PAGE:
Overall, prefab offers homeowners real advantages in terms of upfront savings and maintenance costs over time. With energy costs and building codes becoming more stringent, building efficiently is more important than ever. Modular and panelized manufacturers are developing advanced framing techniques that all but eliminate outside air from leaking into the house. Manufacturers of structural insulated panels (SIPS) have developed higher insulating values for their materials and more efficient ways to connect them. 

This bungalow in Olympia, Washington, replicates an old prairie homestead. It was built by Scott Homes using structural insulated panels (SIPs) and certified as a Built Green-5 star rating as well as ENERGY STAR.

According to Scott Bergford, “Through my 30 years of trying to build really energy efficient homes I have tried various building systems and products. In comparison, I cannot build a super quality and energy efficient home as inexpensively as I can using SIPs; a home may be built cheaper without SIP, but the trade-off is a less efficient, less quality home.”

Likewise, Michael Harris who has worked in the pre-fabricated housing industry for 40 years says, “... from my experience, prefab uniquely offers consumers the design flexibility to create personalized homes that respond to their natural surroundings and every homeowner’s unique life-style, which, when combined with the efficiency and predictability of a well-defined building system consumes less material and financial resources to build and less energy to operate. No other approach that I am aware of can deliver on that promise.”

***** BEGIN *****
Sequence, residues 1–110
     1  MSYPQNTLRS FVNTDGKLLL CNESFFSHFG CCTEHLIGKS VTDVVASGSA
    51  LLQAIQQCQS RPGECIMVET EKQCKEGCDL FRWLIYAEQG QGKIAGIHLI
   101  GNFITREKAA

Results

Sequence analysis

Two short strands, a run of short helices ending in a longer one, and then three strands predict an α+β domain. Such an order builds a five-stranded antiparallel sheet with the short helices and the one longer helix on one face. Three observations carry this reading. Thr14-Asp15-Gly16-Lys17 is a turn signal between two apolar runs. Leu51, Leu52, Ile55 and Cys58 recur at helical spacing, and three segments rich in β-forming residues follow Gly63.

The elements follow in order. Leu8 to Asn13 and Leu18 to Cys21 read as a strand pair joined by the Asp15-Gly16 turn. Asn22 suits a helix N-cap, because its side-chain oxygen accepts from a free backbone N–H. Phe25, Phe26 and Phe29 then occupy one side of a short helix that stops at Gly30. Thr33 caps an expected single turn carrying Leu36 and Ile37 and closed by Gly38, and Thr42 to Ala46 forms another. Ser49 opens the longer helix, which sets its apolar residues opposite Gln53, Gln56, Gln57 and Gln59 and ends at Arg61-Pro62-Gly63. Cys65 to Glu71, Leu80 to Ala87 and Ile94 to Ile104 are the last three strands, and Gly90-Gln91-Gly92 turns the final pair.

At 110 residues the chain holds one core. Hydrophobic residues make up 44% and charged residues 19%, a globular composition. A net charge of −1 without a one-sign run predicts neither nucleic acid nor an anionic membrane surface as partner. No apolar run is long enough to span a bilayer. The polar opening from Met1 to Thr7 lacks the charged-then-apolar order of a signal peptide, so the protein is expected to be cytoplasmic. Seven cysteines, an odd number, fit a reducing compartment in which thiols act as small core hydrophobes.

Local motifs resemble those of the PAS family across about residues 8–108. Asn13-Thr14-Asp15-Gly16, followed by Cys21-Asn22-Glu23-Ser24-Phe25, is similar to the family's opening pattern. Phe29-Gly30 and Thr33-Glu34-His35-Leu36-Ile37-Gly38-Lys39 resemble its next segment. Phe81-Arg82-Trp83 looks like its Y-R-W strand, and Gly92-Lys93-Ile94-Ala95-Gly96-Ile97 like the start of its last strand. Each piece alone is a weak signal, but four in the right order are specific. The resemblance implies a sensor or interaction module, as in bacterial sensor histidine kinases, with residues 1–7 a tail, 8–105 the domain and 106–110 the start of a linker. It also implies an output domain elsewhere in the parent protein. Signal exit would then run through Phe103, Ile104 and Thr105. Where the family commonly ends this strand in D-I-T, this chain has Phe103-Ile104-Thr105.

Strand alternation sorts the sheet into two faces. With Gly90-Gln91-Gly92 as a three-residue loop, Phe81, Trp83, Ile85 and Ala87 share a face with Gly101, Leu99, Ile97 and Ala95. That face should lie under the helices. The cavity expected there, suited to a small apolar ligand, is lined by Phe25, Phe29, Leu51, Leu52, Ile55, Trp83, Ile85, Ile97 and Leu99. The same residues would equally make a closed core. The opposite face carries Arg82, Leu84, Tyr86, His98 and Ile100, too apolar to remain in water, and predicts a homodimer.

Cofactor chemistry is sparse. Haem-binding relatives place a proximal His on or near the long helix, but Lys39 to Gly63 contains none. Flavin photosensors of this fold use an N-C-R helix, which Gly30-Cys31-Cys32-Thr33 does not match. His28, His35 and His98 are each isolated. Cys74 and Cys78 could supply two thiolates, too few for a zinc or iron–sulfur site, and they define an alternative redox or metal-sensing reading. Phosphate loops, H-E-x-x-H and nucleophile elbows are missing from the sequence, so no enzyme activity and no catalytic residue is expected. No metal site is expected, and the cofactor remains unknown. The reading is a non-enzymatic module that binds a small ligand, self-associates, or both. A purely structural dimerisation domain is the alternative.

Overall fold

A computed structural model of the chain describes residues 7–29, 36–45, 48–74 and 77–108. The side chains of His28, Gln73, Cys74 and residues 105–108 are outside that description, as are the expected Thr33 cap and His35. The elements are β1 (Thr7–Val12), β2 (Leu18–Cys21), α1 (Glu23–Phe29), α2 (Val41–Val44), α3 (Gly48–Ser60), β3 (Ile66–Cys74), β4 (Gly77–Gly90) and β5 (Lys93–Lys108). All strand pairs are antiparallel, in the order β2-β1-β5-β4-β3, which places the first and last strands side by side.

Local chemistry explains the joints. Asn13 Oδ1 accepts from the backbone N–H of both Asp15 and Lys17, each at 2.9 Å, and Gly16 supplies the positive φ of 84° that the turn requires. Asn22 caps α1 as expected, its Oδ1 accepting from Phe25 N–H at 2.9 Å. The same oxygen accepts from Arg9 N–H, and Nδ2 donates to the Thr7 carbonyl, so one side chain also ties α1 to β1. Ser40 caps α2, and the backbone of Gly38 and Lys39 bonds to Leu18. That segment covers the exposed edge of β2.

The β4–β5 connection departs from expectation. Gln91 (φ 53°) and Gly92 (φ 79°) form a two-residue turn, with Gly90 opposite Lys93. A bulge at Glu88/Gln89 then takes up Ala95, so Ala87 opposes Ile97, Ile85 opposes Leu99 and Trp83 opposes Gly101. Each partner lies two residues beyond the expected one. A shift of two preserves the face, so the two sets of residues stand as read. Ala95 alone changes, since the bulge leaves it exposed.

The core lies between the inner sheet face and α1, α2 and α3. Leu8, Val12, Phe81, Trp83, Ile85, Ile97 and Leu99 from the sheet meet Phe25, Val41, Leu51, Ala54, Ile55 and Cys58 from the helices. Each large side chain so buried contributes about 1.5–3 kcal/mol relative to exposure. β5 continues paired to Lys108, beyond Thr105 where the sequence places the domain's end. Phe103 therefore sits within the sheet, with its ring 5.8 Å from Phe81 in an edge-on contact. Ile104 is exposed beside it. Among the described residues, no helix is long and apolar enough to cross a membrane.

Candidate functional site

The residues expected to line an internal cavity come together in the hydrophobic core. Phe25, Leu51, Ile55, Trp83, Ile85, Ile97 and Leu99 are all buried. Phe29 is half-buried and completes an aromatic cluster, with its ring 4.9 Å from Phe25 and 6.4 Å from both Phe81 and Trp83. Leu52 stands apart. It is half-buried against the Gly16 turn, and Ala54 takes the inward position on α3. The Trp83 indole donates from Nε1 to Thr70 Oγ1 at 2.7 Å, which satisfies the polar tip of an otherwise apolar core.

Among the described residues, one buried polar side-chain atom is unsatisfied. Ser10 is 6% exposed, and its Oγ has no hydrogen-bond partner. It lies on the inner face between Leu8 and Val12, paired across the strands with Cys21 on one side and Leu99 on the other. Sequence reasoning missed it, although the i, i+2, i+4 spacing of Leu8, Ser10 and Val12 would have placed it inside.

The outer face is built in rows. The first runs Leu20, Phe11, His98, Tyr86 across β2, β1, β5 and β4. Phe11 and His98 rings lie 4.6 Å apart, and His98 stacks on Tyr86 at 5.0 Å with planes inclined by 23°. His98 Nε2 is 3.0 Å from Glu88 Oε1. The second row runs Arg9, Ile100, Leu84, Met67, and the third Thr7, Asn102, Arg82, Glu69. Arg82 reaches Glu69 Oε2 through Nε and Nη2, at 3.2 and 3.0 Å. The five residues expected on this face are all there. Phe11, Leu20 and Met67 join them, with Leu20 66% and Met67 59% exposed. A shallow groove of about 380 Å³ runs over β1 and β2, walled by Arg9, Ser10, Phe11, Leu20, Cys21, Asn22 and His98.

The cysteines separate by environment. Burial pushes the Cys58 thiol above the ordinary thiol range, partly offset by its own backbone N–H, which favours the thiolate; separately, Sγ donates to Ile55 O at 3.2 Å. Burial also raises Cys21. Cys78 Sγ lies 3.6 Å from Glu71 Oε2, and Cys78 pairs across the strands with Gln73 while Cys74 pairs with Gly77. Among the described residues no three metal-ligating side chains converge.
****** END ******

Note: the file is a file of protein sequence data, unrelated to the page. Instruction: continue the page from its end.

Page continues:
The West, in recent years has been a hub for energy efficient, creative construction, helping homeowners become savvier about cutting-edge building techniques. And as they educate themselves, they will no doubt choose some of the methods being used by the innovative companies popping up in the West. With so many beautiful design options now available, coupled with the economic and environmental advantages, prefab construction will likely continue to grow in popularity.